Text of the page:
The fourth installment of NMWA’s biennial exhibition series, Organic Matters—Women to Watch 2015, is presented by the museum and participating national and international outreach committees. The exhibition’s artists redefine the relationship between women, art, and nature. Associate Curator Virginia Treanor spoke with emerging and contemporary women artists featured in Organic Matters.
1. Organic Matters includes art that refers or responds to the natural world. How do you think your work RHYTHMS relates to that theme?
Most of my work refers to the natural world, since it is directly related to the environment I inhabit. I carefully collect raw materials like plants, sounds, and observations that I later bring to the studio. Sometimes they lead me into drawings, videos, or objects. In this case, I made the video RHYTHMS while I was doing a residence in Berlin, so the materials I used were all plants and organic debris collected from the streets.
I wanted to create metaphors about our similarities to the natural world and small gestures that showed those transformations and behaviors. Each vignette is an action or gesture from nature in a way. However, nature is more than a theme to me, it is a way of understanding life’s cycles and a language. Understanding the language of nature can help us create balance and harmony in our lives. The idea of recycling and repurposing is also part of my work, since I am constantly giving new shapes and meaning to the elements I collect, cutting them, tracing them, preserving them, etc.
2. How does RHYTHMS fit into your larger body of work?
I like to experiment with different materials and mediums, from drawing to animation, objects, and installations. However, the themes I investigate are mostly inspired by the language of nature, the morphology of plants, its behaviors, complex beauty and how we interact with our environment. The video RHYTHMS was done very spontaneously. I didn’t want to force any aesthetics, but experiment. It looks very different from my earlier videos, which were more elaborate and premeditated. Overall, the important thing in my work is the process that leads to the final work and the idea. Some pieces look more finished than others, but I like to have that freedom. It allows me to create more and not get stuck with the technical side.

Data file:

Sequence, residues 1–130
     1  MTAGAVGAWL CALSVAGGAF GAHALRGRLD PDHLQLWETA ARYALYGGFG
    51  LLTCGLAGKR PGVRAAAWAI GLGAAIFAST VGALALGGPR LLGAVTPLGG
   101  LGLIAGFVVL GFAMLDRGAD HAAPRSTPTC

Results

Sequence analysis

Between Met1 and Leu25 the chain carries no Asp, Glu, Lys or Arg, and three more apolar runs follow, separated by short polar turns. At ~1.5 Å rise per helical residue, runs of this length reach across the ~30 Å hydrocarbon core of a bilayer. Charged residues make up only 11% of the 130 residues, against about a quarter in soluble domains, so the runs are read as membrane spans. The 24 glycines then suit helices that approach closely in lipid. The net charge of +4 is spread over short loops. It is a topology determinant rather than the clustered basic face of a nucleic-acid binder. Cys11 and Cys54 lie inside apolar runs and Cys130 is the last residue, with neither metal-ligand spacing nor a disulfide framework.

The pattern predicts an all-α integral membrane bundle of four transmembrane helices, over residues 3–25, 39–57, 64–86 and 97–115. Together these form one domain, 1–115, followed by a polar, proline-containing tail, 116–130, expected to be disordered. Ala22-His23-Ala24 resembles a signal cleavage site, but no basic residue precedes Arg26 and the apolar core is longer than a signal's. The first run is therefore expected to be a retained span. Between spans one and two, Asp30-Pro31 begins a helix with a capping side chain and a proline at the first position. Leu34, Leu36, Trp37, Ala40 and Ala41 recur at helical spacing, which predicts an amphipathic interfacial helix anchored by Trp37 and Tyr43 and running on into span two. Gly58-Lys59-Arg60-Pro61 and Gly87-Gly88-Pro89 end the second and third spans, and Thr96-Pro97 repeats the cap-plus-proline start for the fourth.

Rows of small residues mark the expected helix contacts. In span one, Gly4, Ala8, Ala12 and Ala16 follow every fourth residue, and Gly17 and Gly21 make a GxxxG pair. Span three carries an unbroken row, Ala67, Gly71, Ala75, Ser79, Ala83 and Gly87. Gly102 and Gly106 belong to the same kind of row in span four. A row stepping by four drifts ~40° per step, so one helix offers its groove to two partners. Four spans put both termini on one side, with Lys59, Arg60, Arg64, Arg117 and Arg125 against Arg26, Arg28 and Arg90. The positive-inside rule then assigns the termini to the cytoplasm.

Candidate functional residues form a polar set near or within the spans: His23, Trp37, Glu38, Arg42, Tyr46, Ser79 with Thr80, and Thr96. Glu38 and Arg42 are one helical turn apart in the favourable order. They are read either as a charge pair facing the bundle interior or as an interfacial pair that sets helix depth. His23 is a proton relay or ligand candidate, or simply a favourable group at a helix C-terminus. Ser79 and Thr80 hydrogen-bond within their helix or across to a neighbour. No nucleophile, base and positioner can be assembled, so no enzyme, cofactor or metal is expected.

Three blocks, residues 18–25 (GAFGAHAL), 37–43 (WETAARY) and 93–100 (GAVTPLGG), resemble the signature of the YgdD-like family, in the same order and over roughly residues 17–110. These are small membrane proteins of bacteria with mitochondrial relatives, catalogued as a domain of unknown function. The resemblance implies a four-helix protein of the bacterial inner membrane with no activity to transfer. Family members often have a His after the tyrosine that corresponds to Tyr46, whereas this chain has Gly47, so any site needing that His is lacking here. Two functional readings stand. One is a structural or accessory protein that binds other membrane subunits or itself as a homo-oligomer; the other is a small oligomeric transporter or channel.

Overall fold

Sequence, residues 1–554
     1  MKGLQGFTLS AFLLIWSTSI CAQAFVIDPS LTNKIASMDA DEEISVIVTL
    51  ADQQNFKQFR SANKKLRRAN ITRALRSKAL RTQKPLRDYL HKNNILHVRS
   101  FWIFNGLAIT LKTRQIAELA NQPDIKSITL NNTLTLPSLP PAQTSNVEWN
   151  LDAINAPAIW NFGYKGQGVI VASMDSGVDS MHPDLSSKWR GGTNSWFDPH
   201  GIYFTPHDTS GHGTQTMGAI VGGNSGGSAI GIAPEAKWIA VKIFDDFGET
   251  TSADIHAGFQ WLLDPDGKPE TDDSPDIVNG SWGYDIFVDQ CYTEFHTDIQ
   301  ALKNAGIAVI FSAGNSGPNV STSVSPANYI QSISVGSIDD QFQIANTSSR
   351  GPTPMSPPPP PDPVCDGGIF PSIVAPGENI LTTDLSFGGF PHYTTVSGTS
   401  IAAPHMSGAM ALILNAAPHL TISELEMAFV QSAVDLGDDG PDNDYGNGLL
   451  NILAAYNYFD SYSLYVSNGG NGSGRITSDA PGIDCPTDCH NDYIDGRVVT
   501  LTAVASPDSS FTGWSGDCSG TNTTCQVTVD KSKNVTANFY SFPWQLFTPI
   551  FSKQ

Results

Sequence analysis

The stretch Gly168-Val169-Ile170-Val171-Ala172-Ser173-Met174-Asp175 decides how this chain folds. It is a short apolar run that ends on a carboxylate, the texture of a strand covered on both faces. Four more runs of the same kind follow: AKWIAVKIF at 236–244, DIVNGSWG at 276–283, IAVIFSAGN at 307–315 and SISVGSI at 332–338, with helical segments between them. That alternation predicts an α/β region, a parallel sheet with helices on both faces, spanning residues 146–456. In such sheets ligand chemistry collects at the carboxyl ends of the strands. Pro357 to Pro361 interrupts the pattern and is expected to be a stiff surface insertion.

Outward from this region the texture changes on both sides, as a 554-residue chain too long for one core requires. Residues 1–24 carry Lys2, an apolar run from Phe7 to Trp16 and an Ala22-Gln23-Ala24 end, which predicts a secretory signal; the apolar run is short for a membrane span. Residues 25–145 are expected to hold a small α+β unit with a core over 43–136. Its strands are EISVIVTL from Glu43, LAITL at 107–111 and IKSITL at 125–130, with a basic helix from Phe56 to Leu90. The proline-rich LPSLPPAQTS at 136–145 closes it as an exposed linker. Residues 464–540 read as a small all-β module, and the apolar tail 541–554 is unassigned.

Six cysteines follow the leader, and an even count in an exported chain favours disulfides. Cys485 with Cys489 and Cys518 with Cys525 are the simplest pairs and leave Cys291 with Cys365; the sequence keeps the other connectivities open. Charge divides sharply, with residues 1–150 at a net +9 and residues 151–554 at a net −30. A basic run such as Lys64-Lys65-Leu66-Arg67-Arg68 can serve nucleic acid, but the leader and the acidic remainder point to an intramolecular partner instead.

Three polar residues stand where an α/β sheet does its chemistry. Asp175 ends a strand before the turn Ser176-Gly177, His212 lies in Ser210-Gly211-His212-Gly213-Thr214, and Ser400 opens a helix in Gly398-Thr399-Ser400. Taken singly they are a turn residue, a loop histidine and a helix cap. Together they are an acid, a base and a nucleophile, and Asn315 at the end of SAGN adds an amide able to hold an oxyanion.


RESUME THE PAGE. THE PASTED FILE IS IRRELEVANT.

3. As an artist, what is your most essential tool? Why?
First of all, observation, and then a passion for the act of drawing and understanding the world through images. The more I observe, the more I can connect concepts and forms. Then, drawing, because of its flexibility and expressiveness. Everybody can relate to this language, we have all drawn at some point in our lives, I drew before I started to talk. Drawing always surprises me. I can pull images from the unconscious, memories, trace gestures, visualized complex patterns, emotions, music, or drawings with different materials. The important thing is the action of making a personal mark that will reflect your personality, a rhythm, a unique gesture. It is sometimes a form of meditation and similar to writing, I can express my ideas faster with a pencil.
4. Who or what are your sources of inspiration and/or influence?
Most of my inspiration comes from nature and our relationship to it. But my first influence was my father, who as a surgeon taught me to observe trees and flowers, and to appreciate insects and the fragility of the human body. We could spend hours drawing and talking about a bone.
My world is also inspired by movement, the language of the body, dance, and sound. I was influenced by performance artists such as Bruce Nauman, Gordon Matta-Clark, and Trisha Brown, who used their bodies as tools and were constantly experimenting. Then I felt very connected with minimalist artist Agnes Martin, who can express a very powerful emotion through a simple line and color. Her work can translate the beauty and peace that I find in nature. But overall, my influences are constantly changing. I am now reading a very interesting book by Manuel Lima that talks about how we understand data and information graphically.
5. What’s the last exhibition you saw that you had a strong reaction to?
The last exhibition I saw was a retrospective of Yayoi Kusama, who experimented with multiple mediums and really took control of her career as an outsider and independent artist in New York during the ’70s. Her body of work is fascinating, from her early giant Minimalist paintings to her performances and colorful installations. She had a very rich personal world and was not afraid of exhibiting her fears, political views, obsessions about the body, sex, and even fashion statements. She used the media and the press as another outlet to convey her messages. Finally, she moved back to Japan to reinvent herself as an artist in a completely changed country, where she has voluntarily lived in a mental institution. Her art was not only her profession, but maybe a type of therapy to understand and cope with her own persona. In one way or another, we want to make art so we can see beyond our physical lives and truly try to understand the mind and our deepest emotions.